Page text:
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Francis E Stacey

1892 – 1918

Francis Ebb Stacey was born in Pamber on 11th October 1892, the third child of Ebenezer and Mary Ann (nee Ward), after Sarah Lily and William James. By 1901 the family lived in a cottage in Brook Lane (now Byes Lane), Silchester, from where Ebenezer worked as a farm labourer. Francis was followed by another brother (Edward George) and three more sisters (Emily Mary, Florence May and Edith Frances), the last being born in July 1902. However, within months, their mother, Mary, contracted tubercular peritonitis and died on 2nd February 1903, leaving Ebenezer with seven children under the age of 14 to care for.

The 1911 census shows three of the children living with Ebenezer on Little London Road and two with Mary’s parents (James and Sarah Ward) near what is now McCartneys, at the end of Kings Road. Francis, however, was living at Shacklands, Shoreham, Kent, where he was working as a game keeper, whilst Lily (Sarah) was living and working as a housemaid in Henley.

In March 1913 Francis emigrated to Canada, sailing to St Johns, New Brunswick, where he became a farm hand in Mulvihill, Manitoba. However, after signing up to join the Royal Canadian Dragoons (the cavalry) in July 1915, he returned to Europe as part of the Canadian Expeditionary Force, to join the Allies. His service record shows he had German measles in 1916, as well as suffering very badly from varicose veins, judged to mean he could not march more than 2 miles. In 1917 he spent a month in hospital in Etaples, in France, having been shot in the knee at Masinieres, near Cambrai, returning to active service on 23rd December.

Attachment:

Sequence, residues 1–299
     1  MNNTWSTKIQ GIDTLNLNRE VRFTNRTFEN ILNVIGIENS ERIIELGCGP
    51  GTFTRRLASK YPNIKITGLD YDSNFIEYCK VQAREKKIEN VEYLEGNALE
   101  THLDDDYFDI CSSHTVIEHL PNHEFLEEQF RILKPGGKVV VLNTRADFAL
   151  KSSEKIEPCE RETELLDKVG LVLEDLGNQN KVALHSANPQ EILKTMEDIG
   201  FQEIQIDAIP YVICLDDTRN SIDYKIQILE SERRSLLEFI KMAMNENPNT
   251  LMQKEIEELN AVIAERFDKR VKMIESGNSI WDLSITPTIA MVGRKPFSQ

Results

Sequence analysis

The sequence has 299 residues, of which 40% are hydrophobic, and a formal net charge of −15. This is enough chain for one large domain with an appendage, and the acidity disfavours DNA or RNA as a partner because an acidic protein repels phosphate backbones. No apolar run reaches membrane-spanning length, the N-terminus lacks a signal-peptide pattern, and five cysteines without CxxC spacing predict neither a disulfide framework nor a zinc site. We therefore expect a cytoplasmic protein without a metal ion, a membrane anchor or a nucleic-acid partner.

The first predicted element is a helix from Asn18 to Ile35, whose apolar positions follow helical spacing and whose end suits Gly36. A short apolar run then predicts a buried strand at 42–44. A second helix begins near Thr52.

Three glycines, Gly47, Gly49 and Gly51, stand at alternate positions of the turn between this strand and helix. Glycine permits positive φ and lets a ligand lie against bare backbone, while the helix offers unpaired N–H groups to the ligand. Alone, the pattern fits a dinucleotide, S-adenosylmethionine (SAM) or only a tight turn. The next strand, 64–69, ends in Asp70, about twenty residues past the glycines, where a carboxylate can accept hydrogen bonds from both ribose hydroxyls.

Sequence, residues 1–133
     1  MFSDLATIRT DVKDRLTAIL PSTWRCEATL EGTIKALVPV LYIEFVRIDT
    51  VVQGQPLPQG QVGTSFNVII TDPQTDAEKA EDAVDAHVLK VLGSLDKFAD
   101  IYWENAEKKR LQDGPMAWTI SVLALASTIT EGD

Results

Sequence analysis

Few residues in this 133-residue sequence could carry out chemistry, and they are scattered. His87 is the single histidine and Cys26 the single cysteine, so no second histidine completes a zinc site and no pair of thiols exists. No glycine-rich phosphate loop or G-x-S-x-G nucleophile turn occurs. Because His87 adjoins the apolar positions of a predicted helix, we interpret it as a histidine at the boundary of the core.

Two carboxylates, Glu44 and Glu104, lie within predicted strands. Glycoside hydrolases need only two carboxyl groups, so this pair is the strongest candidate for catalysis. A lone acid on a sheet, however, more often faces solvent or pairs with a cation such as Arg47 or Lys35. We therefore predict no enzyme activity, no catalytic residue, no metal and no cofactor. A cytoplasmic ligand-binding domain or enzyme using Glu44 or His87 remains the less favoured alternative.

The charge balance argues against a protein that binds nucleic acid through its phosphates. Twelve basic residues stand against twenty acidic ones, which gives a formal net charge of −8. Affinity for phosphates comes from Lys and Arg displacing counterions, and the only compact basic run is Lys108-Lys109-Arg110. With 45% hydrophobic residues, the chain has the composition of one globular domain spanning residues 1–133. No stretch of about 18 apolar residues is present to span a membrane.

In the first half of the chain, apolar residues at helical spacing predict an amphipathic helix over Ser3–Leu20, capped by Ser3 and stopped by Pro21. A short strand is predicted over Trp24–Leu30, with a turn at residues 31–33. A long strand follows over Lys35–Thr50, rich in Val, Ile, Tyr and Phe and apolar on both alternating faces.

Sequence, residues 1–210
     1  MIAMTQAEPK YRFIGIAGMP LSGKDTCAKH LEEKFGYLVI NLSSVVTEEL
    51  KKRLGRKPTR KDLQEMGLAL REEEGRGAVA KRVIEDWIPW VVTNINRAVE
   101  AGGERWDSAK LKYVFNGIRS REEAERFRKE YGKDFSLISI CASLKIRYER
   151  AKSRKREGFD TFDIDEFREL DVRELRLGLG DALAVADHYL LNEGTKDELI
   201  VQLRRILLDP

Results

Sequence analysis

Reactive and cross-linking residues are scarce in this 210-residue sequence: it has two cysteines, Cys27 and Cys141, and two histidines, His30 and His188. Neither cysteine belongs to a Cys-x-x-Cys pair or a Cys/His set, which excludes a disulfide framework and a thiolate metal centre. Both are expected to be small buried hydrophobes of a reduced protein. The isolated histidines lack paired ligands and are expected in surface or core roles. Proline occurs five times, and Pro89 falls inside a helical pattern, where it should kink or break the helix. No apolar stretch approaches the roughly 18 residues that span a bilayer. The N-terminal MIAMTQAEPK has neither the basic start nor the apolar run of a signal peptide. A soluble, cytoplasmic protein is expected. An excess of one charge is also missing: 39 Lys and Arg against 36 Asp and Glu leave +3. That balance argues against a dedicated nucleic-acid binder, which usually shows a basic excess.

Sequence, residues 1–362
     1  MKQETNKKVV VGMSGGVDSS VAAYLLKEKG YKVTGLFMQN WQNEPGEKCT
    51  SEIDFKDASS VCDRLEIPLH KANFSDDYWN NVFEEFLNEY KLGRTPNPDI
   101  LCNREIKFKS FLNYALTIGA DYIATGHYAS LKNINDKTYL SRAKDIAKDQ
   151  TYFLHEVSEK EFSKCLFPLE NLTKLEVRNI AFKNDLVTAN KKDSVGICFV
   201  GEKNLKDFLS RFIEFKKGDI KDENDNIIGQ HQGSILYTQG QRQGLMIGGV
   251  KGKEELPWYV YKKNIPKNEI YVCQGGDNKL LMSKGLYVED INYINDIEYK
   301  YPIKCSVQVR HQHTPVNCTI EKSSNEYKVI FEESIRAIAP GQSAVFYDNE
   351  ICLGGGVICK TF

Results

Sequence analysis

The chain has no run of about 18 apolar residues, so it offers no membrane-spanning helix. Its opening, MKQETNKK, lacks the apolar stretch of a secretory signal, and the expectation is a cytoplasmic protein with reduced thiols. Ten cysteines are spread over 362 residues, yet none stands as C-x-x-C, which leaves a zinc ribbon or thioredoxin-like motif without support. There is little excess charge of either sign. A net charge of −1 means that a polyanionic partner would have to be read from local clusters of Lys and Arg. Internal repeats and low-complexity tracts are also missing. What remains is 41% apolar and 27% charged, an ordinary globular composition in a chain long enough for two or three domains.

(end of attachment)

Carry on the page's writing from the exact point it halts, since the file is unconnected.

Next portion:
By the middle of March 1918, Francis and comrades were near Ennemain, to the west of Amiens, on the Sommes. On 21st, the Germans launched a major offensive – what became known as the Battle of St Quentin. The Dragoons were a key part of the response to that attack, plugging parts of the defensive line as it crumbled, acting as infantry and machine gunners, or through cavalry charges on the enemy. Over a few days, they lost well in excess of 300 men. On the 23rd March, Francis was reported Missing in Action, but had in fact been taken Prisoner of War. In May, he was in military hospital in Hautmont, possibly with gunshot wounds, and he is recorded as dying of heart failure there on 1st June 1918. He is buried in Hautmont Cemetery in northern France, along with 245 other Commonwealth soldiers.

 

In line with his wishes, his outstanding pay and decorations are recorded as having been sent to his youngest sister, Frances (Edith), aged just 16, back in Silchester.